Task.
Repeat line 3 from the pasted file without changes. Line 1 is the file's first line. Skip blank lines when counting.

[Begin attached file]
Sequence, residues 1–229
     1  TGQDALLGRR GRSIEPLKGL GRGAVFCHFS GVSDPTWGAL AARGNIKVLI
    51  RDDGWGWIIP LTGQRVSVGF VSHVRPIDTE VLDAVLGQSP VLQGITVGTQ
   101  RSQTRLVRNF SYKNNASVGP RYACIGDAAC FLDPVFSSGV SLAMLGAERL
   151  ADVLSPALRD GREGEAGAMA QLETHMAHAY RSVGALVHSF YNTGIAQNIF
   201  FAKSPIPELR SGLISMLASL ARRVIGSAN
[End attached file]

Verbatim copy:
    51  RDDGWGWIIP LTGQRVSVGF VSHVRPIDTE VLDAVLGQSP VLQGITVGTQ